On Sunny Lane - Winter Sewing


In the winter time I usually like to get the sewing machine out and do some sewing. I can’t be outside working in the yard or garden and there isn’t a lot to do before spring cleaning time arrives, so I tie up some loose ends with a little bit of sewing.

Years ago, I used to do a lot of sewing. I made my dresses and, after I got married, I sewed clothes for my children. I stopped sewing when my oldest child was 12 years old and my sewing machine broke. Well, I got back into the swing of things five years ago, when I acquired a sewing machine and a bin of fabric. I made the curtains for the cottage we had just built. It got me nostalgic for the olden days.

This winter I’m killing two birds with one stone. (Nothing against birds or stones.) It seems the hem tore off the top of one of my good flannel sheets. The rest of the sheet is in good condition and I couldn’t just discard it. I was trying to think of a way to repurpose it. Tearing it into rags just didn’t seem to do justice to it. I happened to think that I could use another pair of flannel pajamas. Voila! Problem solved!

I can’t just throw things away.I must admit that I sometimes donate stuff and sometimes I wish I hadn’t. But, I just can’t throw stuff away. I owe this habit to my mother and how she raised me. When my Dad passed away in 1950I was 6 years old and my brother was 12. My mother became responsible for raising my brother and me on $132 a month from Social Security. Even in the ’50s, that wasn’t a lot of money. In fact, it was barely adequate.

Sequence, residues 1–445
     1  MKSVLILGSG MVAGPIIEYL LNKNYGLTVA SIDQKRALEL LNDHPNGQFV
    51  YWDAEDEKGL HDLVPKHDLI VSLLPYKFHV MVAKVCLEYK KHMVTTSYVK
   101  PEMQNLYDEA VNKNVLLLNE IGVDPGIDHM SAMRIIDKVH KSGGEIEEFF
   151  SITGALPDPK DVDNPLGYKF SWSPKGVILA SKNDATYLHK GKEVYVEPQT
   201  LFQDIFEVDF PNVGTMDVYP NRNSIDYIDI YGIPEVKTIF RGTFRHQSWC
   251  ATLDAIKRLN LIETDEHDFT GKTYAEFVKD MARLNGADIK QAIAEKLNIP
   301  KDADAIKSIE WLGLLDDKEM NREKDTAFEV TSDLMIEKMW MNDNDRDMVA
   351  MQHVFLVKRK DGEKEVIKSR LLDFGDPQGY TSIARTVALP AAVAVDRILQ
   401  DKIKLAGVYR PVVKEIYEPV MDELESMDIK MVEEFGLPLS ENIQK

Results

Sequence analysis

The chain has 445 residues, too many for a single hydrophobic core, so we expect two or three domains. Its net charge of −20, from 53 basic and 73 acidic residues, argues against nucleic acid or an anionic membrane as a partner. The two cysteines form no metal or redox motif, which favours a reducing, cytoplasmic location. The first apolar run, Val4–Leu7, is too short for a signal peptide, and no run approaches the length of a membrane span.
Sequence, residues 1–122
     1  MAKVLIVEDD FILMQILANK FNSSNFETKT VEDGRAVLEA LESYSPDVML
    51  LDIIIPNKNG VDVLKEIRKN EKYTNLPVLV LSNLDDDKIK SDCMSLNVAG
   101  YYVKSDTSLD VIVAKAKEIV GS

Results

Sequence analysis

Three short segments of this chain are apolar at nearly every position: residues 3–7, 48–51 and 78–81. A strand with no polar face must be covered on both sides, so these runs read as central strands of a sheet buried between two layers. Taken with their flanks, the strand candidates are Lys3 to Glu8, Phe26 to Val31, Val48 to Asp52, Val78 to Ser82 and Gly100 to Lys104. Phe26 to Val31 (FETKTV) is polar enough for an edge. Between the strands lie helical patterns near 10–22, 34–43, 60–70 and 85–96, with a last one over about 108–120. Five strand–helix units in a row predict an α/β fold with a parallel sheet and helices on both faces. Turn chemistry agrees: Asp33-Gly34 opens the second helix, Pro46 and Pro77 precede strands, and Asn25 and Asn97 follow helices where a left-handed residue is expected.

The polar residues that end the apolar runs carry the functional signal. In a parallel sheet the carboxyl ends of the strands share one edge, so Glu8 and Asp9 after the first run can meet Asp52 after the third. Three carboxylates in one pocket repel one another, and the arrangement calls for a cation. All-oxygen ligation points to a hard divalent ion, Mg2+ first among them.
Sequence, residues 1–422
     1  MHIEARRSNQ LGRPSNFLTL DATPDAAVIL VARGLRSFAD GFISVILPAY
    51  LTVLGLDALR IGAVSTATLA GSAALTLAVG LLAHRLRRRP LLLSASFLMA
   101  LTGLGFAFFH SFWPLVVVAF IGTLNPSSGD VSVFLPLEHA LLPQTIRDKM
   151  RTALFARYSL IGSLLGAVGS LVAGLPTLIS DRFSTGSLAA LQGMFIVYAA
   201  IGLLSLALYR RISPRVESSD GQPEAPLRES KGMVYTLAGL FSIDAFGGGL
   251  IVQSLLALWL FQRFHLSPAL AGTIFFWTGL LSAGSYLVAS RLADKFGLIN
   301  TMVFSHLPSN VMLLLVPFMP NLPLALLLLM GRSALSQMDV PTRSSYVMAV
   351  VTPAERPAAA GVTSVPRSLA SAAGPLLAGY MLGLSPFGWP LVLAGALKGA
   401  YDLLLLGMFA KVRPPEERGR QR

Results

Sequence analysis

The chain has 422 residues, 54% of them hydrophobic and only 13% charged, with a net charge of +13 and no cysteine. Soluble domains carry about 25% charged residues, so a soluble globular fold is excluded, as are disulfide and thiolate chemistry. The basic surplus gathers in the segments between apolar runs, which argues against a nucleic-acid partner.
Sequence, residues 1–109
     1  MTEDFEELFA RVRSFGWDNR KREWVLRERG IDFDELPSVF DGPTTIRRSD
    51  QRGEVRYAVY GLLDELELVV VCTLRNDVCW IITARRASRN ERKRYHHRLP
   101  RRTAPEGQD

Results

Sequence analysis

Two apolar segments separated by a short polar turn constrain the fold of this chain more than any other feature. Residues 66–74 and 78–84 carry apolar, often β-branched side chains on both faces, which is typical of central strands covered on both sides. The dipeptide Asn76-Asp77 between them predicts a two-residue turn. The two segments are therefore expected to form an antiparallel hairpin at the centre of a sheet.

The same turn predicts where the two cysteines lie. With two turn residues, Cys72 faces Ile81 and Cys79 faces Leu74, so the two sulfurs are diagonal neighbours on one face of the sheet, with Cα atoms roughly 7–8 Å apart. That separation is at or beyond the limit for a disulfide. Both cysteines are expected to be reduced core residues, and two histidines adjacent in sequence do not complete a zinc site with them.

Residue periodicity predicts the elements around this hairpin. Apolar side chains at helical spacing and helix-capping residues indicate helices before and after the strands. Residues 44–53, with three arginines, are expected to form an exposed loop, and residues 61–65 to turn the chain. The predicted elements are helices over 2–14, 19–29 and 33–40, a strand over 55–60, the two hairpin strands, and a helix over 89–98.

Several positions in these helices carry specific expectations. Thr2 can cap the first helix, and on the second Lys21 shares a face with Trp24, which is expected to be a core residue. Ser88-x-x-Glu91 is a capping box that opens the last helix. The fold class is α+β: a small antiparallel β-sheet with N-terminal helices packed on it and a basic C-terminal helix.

As a result, Mom didn’t waste anything. As a result, she told me not to waste anything. We didn’t waste money; we didn’t waste food; we didn’t waste shoes and clothing. Mom was probably a conservative before the word took on a political connotation. And, that is why I conserve, too, even when I don’t need to.

Since I already had the material and thread I needed for the pajamas, I went shopping for a pattern and elastic. Since I hadn’t sewn for almost 40 years, I was astounded at the price of patterns. The pattern I wanted cost $19.95! I would have changed my mind about making PJs if the pattern hadn’t been reduced to $1.99. Makes you wonder how the pattern company can afford to sell it for that amount, doesn’t it? It makes me wonder how a person can afford to sew their own clothes these days. That was once the reason people sewed for themselves and their family. It makes me wonder why people do it now.

So far, all I have is the flannel, the pattern, the sewing machine, the thread, the elastic and an idea. It’s going to be fun to see it all come together. I wonder if the reason people sew now days is so they can find a purpose in repurposing. Or, maybe, they believe it’s fun to be creative.

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